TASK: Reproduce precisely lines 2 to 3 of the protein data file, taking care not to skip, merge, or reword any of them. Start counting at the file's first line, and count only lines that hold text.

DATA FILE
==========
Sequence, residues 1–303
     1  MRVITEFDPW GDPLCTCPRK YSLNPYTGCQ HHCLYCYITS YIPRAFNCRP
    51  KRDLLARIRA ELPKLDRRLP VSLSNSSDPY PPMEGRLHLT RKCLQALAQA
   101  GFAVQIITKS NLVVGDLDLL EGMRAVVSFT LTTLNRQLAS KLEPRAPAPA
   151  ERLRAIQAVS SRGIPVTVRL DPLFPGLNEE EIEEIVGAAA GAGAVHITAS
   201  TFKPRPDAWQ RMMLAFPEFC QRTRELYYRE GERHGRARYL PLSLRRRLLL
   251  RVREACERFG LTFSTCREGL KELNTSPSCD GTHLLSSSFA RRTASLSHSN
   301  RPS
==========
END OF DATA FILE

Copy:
     1  MRVITEFDPW GDPLCTCPRK YSLNPYTGCQ HHCLYCYITS YIPRAFNCRP
    51  KRDLLARIRA ELPKLDRRLP VSLSNSSDPY PPMEGRLHLT RKCLQALAQA